Three kinds of porn users identified by academics

‘Porn creates problems for two groups of people, but for the majority, there were no negative sexual outcomes’

Spoiler: We watch a lot of porn.

Well, alright. That’s not going to surprise anyone… but when you see it in numbers it does come as something of shock. Last year, peopled watched over four billion hours on PornHub alone.

Despite the fact that sex research is underfunded, academics are starting to ask some important questions about all that onanism.

In a study recently published in the Journal of Sexual Medicine, a team from Quebec determined that there are three types of porn users: the recreational, the compulsive, and the distressed.

Marie-Pier Vaillancourt-Morel, at Université Laval in Quebec, and her team convinced 830 people – from university lists, web classified ads, and social networks – to participate in the study. Over 70% were women, the mean age was 25, and 80% were heterosexual. There was a fairly even split in relationship status: 35% were married or cohabitating, about the same amount were single, and about the same amount were dating.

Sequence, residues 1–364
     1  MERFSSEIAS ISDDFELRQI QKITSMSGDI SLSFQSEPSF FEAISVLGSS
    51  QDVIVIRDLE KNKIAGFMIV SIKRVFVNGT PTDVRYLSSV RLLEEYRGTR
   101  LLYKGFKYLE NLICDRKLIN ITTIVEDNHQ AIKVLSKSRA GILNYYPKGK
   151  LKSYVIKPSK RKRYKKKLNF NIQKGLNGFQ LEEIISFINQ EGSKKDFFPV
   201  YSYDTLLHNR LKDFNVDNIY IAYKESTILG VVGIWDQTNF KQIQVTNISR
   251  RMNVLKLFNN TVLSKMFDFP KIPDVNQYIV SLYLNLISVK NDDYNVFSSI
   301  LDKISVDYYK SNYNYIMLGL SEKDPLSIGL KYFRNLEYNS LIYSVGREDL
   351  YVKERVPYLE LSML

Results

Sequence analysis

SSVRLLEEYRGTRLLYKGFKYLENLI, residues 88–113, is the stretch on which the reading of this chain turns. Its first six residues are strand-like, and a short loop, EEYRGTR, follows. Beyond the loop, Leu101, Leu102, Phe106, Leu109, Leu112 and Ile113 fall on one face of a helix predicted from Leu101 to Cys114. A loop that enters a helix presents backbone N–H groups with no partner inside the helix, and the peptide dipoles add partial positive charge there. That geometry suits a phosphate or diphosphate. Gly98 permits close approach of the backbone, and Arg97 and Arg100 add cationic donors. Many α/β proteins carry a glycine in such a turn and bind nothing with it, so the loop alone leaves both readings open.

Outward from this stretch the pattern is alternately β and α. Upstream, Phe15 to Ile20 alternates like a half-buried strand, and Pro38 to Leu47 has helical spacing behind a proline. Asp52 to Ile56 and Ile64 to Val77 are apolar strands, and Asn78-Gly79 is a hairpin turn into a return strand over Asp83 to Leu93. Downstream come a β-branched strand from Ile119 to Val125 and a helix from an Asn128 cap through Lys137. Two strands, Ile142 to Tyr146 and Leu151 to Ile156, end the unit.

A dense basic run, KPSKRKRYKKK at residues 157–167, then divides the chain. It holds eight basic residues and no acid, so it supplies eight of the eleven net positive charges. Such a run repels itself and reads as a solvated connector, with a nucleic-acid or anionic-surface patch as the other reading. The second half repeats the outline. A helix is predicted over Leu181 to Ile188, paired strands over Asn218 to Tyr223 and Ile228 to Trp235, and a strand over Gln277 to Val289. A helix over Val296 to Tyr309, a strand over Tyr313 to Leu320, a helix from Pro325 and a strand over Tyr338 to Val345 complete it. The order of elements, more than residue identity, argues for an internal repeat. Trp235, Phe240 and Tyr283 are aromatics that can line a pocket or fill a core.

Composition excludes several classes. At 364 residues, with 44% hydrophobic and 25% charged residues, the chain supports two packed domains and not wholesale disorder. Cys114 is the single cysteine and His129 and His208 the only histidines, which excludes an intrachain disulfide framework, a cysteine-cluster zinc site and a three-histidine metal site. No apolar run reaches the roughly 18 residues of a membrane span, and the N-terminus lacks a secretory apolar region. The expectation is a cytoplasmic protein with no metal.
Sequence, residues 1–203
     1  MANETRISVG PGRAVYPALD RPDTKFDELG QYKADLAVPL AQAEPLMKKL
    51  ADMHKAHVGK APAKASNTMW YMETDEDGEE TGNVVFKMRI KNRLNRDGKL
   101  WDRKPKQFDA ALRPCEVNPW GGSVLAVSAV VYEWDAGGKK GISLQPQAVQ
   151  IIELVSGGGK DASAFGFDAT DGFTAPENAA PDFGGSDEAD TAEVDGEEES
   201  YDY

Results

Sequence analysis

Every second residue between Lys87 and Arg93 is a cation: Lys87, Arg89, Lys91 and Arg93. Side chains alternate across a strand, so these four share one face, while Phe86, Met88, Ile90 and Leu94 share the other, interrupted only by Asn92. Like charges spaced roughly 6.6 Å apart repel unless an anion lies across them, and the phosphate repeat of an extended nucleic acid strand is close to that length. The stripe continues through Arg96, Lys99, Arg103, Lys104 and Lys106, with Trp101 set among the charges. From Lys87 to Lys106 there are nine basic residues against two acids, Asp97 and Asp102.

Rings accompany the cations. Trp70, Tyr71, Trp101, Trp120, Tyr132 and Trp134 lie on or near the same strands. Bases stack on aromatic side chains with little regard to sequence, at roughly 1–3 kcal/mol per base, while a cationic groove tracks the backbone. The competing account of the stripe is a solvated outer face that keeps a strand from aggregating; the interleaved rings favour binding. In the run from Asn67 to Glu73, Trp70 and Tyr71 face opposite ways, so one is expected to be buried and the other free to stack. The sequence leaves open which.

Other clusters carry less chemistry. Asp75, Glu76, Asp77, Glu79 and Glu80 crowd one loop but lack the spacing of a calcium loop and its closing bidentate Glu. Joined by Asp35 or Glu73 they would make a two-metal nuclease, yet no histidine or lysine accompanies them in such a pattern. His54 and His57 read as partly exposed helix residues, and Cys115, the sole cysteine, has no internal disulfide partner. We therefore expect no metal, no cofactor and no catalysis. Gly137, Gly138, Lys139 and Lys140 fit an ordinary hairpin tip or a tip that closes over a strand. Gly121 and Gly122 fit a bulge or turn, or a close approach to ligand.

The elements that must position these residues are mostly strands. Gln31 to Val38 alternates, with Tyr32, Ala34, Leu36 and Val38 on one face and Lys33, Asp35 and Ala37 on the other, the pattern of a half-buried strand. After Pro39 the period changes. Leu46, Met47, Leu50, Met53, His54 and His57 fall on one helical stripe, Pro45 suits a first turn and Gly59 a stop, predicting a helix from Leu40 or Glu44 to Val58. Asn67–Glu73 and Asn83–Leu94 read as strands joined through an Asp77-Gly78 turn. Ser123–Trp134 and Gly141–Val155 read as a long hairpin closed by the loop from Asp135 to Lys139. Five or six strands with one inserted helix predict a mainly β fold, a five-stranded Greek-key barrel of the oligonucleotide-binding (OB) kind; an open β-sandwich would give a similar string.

Participants had to respond to questions measuring their overall sexual satisfaction, their tendency to avoid sex, sexual dysfunction, and a three-part porn-use scale. 

Respondents were asked how compulsive their porn use was (e.g. ‘I believe I am addicted to internet pornography’), how much effort they put in to accessing porn (‘At times, I rearrange my schedule to be alone to view pornography’), and their level of emotional distress (‘I feel ashamed after viewing pornography’).

After carrying out a cluster analysis of the results, researchers reached the following conclusion. 75% of participants fell under the recreational grouping: those who view an average of 24 minutes of porn a week. The ‘highly distressed non-compulsive’ profile, which made up 12.7% of the sample, had low compulsivity and intensity scores, but lots of emotional stress, and watched for an average of 17 minutes a week. Finally, the remaining 11.8% of participants formed part of the ‘compulsive’ porn viewers, consuming an average of 110 minutes a week with moderate scores on distress.

In an interview with PsyPost, Vaillancourt-Morel said that the study’s main message is that porn users are ‘a heterogeneous population in which distinct subgroups experience quite different sexual outcomes’.

‘Porn creates problems for two groups of people, but for the majority, there were no negative sexual outcomes.’

[Via NY Magazine]


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